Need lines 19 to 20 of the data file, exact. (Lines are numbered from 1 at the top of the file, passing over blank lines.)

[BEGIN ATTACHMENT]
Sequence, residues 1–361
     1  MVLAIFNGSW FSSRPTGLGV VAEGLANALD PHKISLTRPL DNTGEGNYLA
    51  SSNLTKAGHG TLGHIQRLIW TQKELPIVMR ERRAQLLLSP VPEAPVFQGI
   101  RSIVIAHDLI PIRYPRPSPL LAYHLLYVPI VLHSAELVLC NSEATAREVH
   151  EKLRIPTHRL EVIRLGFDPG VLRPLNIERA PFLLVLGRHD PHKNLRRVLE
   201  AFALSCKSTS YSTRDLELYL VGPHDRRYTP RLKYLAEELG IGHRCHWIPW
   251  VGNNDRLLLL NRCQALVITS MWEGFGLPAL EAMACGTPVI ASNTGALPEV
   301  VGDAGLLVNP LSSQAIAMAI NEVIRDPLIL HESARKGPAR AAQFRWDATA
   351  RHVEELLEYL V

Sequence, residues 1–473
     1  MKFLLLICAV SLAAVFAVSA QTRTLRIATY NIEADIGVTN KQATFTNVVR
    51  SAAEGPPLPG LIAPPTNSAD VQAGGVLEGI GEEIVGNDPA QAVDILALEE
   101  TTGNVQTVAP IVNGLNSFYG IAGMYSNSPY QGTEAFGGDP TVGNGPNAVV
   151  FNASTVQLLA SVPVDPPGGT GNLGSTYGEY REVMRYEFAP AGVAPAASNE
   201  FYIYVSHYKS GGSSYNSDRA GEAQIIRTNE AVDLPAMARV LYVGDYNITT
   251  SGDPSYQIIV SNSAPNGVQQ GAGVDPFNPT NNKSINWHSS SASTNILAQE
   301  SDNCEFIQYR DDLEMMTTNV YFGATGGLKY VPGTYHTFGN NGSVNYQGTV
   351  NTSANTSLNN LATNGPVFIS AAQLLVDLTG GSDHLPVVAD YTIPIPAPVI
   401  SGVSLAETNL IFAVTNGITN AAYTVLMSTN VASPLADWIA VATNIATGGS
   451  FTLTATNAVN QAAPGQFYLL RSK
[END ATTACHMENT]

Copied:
   401  SGVSLAETNL IFAVTNGITN AAYTVLMSTN VASPLADWIA VATNIATGGS
   451  FTLTATNAVN QAAPGQFYLL RSK